“We intend to resume the program the way it was before suspension,” he said.




All of this week's top headlines to your email every Friday.


 
 

 

Headlines April 23, 2014

News: U.S. conducts spy flights over Russia - After a tit-for-tat series of delays, the United States conducted an Open Skies Treaty intelligence flight over Russian territory April 21, a State Department official said.  Army paratroopers heading to Poland after Russian annexation of Crimea - U.S. Army paratroopers are arriving in Poland to begin a series of...
 
 

News Briefs April 23, 2014

U.S. military deaths in Afghanistan at 2,177 As of April 22, 2014, at least 2,177 members of the U.S. military had died in Afghanistan as a result of the U.S.-led invasion of Afghanistan in late 2001, according to an Associated Press count. The AP count is one less than the Defense Department’s tally. At least...
 
 

Northrop Grumman sets new greenhouse gas emission reduction goal of 30 percent by 2020

Northrop Grumman announced April 22 its commitment to reduce greenhouse gas emissions by 30 percent from 2010 levels by 2020, as part of its commemoration of Earth Day.   “Northrop Grumman is dedicated to top performance in environmental sustainability,” said Wes Bush, chairman, chief executive officer and president. “This new goal sets the bar significantly...
 

 

Lockheed Martin demonstrates enhanced ground control system, software for small UAV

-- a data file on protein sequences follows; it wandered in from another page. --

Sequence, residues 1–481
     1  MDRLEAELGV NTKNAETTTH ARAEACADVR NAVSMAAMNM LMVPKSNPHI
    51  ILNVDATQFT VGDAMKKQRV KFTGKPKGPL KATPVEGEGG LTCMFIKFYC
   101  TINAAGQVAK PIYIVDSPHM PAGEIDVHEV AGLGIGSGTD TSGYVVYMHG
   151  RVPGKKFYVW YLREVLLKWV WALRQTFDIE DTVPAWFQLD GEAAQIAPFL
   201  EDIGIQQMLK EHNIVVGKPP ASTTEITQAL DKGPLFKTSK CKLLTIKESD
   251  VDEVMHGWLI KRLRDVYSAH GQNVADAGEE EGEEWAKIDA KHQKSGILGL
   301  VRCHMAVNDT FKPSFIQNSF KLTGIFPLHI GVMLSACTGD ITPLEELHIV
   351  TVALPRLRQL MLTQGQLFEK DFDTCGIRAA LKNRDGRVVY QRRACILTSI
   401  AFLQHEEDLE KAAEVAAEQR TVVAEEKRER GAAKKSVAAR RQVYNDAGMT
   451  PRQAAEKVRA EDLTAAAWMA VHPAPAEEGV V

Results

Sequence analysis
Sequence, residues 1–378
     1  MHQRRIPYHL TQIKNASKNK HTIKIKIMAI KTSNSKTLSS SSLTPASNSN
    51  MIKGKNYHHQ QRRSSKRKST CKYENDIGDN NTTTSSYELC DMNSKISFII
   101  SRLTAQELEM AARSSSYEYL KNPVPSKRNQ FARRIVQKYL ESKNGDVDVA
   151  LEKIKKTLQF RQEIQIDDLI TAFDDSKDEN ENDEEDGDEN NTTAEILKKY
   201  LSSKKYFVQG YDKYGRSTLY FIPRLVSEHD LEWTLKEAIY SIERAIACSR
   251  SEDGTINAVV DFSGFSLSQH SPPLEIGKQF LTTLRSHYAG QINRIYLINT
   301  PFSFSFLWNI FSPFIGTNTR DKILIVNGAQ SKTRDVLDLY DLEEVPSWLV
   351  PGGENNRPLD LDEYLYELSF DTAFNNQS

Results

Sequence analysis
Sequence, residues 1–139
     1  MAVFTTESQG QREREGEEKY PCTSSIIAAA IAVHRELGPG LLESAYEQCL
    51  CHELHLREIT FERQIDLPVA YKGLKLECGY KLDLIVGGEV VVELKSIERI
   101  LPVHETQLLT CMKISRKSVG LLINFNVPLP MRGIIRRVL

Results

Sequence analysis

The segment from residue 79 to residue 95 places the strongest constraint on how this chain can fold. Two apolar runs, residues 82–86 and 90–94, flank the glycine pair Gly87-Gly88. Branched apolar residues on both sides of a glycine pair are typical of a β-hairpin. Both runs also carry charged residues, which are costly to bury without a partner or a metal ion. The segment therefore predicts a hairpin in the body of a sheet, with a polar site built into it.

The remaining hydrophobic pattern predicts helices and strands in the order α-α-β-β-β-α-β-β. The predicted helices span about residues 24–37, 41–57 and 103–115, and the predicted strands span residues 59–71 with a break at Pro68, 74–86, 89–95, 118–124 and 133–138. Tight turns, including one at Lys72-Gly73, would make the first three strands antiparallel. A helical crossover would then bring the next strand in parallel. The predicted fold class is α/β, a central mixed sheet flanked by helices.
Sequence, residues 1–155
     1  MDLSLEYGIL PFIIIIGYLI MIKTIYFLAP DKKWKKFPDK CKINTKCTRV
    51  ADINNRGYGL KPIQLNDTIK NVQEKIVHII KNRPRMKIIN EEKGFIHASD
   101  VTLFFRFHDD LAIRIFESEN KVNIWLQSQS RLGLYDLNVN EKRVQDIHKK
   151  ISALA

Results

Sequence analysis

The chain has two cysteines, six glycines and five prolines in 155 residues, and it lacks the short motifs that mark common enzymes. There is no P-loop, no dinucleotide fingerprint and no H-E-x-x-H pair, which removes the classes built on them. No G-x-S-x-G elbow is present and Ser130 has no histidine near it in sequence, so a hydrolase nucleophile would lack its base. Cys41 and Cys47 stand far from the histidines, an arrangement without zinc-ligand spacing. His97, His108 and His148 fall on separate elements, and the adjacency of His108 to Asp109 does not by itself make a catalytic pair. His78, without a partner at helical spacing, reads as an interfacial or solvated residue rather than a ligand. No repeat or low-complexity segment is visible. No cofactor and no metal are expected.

Lockheed Martin’s Group 1 family of unmanned aircraft systems is migrating to enhanced automation capabilities using its Kestrelô “Fly Light” flight control systems and industry-leading mobile Ground Control Station software. The increased automation allows operators to focus on executing the mission, rather than flying various aircraft. Earlier this year, Lockheed MartinR...
 
 

U.S. Navy awards General Dynamics $33 million to operate, maintain military sealift ships

The U.S. Navy has awarded General Dynamics American Overseas Marine LLC a $32.7 million contract modification to operate and maintain seven large, medium-speed, roll-on / roll-off ships for the Military Sealift Command. AMSEA is a wholly owned subsidiary of General Dynamics. Under the terms of the modification, AMSEA will provide services including crewing, engineering, maintenance,...
 
 

US Navy deploys Standard Missile-3 Block IB for first time

In partnership with the Missile Defense Agency, the U.S. Navy deployed the second-generation Standard Missile-3 Block IB made by Raytheon for the first time, initiating the second phase of the Phased Adaptive Approach. “The SM-3 Block IB’s completion of initial operational testing last year set the stage for a rapid deployment to theater,” said Dr....
 




0 Comments


Be the first to comment!


Leave a Reply

Your email address will not be published. Required fields are marked *

You may use these HTML tags and attributes: <a href="" title=""> <abbr title=""> <acronym title=""> <b> <blockquote cite=""> <cite> <code> <del datetime=""> <em> <i> <q cite=""> <strike> <strong>